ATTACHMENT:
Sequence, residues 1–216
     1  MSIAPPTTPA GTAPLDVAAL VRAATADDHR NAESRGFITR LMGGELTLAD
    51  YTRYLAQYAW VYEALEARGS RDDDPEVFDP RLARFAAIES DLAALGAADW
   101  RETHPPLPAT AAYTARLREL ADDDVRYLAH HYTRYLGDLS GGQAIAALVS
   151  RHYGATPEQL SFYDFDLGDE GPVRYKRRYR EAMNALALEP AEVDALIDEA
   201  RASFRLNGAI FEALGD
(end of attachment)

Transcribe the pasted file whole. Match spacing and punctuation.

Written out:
Sequence, residues 1–216
     1  MSIAPPTTPA GTAPLDVAAL VRAATADDHR NAESRGFITR LMGGELTLAD
    51  YTRYLAQYAW VYEALEARGS RDDDPEVFDP RLARFAAIES DLAALGAADW
   101  RETHPPLPAT AAYTARLREL ADDDVRYLAH HYTRYLGDLS GGQAIAALVS
   151  RHYGATPEQL SFYDFDLGDE GPVRYKRRYR EAMNALALEP AEVDALIDEA
   201  RASFRLNGAI FEALGD